The ascent of maverick politics

Candidates who buck their parties have a long history in the US. Can

Call it one of the most uncommon political gambits of the year: two of the leading presidential candidates crossing party lines to call for an overhaul of the nation's political system.

Tonight as Republican John McCain and Democrat Bill Bradley join in a televised town meeting to tout the need to get special-interest money out of politics, they'll also be testing a time-honored American tradition - bucking the status quo.

As insurgent independents looking to knock out their parties' front-runners, both are going against the nation's political establishment, which they argue has been corrupted by big-money donations. But will it work? Both, to differing extents, are also taking on their own parties, a risky strategy that historically has produced only limited success despite its enduring appeal.

"It's an ... American tradition that taps the 'antipolitics' dimensions that have been a part of our political system since the Founding Fathers," says Thomas Patterson of Harvard's Kennedy School of Government.

When presidents Harry Truman and Ronald Reagan took on Congress as the establishment, they succeeded in changing the nation's political dynamic. But most who've challenged their parties' powerful chiefs, like John Anderson in 1980 and Gary Hart in 1984, made headlines for a while, then faded.

A few have wrested nominations away from the establishment's chosen heirs, from Wendell Willkie in 1940 to Barry Goldwater in 1964 to George McGovern in 1972. But then, they lost the general election. "That doesn't seem very profound, but we are a party system, and if you discourage your base, you're not going to be in good shape," says Stephen Hess of the Brookings Institution in Washington.

Jimmy Carter did win running in part as an outsider in 1976. But that year there was no clear Democratic heir apparent that had the party's blessings.

Still, most pundits are hesitant to underestimate either Mr. Bradley or Mr. McCain. By choosing Claremont, N.H., for their unusual bipartisan plea, they're pointedly reminding voters of the broken promises made by both parties' leaders.

In 1995, President Clinton and then House Speaker Newt Gingrich also crossed their ideological divide in Claremont and shook hands as they committed to changing the way political parties pay for their operations. The event produced a famous photo, but not much more.

The symbolism is not lost on either McCain or Bradley, both of whom are vying for independent voters, which are growing in number. Thirty years ago, three-quarters of Americans identified with one of the two major parties. That number has now dropped to under 60 percent, giving upstarts a firmer foundation.

"This is an age of independents, and parties don't mean what they used to," says Darrell West, a political scientist at Brown University in Providence, R.I.

While campaign-finance reform still ranks behind education, taxes, and health care as public concerns, it's proven to be a good issue to attract independents. Many became wary of the impact of money on politics after the abuses of both parties during the 1996 presidential campaign. And they're frustrated nothing's been done about it.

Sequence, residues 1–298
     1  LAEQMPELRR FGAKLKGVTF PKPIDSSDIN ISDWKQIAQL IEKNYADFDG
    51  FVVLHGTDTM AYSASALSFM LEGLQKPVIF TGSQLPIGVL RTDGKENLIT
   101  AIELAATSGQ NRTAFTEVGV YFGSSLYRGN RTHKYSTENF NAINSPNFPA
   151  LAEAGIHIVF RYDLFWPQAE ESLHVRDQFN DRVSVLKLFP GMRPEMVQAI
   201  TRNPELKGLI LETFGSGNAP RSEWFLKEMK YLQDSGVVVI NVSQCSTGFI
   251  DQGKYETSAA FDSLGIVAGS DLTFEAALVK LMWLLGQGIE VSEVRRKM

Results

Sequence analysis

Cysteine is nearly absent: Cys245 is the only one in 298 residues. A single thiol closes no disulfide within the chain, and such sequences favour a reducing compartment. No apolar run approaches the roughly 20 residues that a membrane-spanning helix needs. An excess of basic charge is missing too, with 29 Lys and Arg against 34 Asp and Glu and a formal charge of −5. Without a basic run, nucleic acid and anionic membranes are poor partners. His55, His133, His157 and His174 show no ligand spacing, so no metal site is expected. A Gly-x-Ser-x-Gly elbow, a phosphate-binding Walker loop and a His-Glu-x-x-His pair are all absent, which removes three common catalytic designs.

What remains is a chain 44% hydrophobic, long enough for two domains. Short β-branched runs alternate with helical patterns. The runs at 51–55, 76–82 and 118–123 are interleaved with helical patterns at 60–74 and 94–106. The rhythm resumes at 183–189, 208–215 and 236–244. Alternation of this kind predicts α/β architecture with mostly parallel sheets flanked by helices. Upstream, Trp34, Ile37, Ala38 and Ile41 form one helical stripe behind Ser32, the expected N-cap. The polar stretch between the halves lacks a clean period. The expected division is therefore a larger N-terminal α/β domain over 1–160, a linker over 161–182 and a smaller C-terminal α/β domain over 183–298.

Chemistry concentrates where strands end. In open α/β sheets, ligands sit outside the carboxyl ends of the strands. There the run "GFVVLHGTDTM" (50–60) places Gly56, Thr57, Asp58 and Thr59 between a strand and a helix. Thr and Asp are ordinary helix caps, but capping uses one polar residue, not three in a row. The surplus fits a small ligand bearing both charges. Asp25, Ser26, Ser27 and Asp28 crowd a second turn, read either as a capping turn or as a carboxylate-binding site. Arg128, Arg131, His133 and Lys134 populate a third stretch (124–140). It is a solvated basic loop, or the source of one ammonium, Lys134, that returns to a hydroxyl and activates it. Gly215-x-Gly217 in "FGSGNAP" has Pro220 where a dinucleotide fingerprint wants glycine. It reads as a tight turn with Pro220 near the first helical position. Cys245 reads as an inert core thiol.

Both Bradley and McCain have made campaign-finance overhaul pillars of their election efforts, tapping successfully into voter dissatisfaction, particularly in New Hampshire. It has helped put them in a position to upset their parties' front-runners, Vice President Al Gore (D) and Texas Gov. George W. Bush (R), in the first primary.

"Both Bush and Gore do have much of the political establishment on their side," says West. "But that creates underdogs, and Americans still love underdogs."

That's particularly true in New Hampshire, which is noted for its independent streak and penchant for upsets. Not surprisingly, that's where McCain has gained the most traction, now leading Bush in the polls. And McCain, far more than Bradley, has openly defied his party. With sharp attacks on the corrupting influence of money, the Arizona senator has championed his bipartisan campaign-finance reform proposal, known as the McCain-Feingold bill, year after year to the dismay of the GOP Senate leadership.

In the debate this week, he voluntarily came out against ethanol subsidies, which verge on the sacred in Iowa, as nothing more than pork-barrel spending. He also challenged Bush and the other candidates to forswear so-called soft money donations that go directly to the parties' coffers.

"We can give the government back to the people," he said.

But Bush declined McCain's offer, contending it would amount to "unilateral disarmament." Those are the exact words President Clinton has used over the years to defend the Democratic Party's use of soft money.

Still, despite his rise in the polls, many pundits think McCain has alienated too much of the Republican base to win the nomination.

"McCain is literally the Democrats' favorite Republican - you hear constantly from Republicans that the man has the wrong friends and the wrong enemies," says Larry Sabato, a political scientist at the University of Virginia.

Bradley, for his part, is closer to the traditional Democratic primary voter in many of his positions than is Gore. Bradley initially shied away from attacking the party, choosing instead to try to present himself as a "positive" alternative to the "entrenched establishment."

But Bradley has been forced to fire back as Gore has stepped up his attacks - and regained momentum. This week Bradley attacked Gore in particular for ignoring campaign-finance reform.

(c) Copyright 1999. The Christian Science Publishing Society

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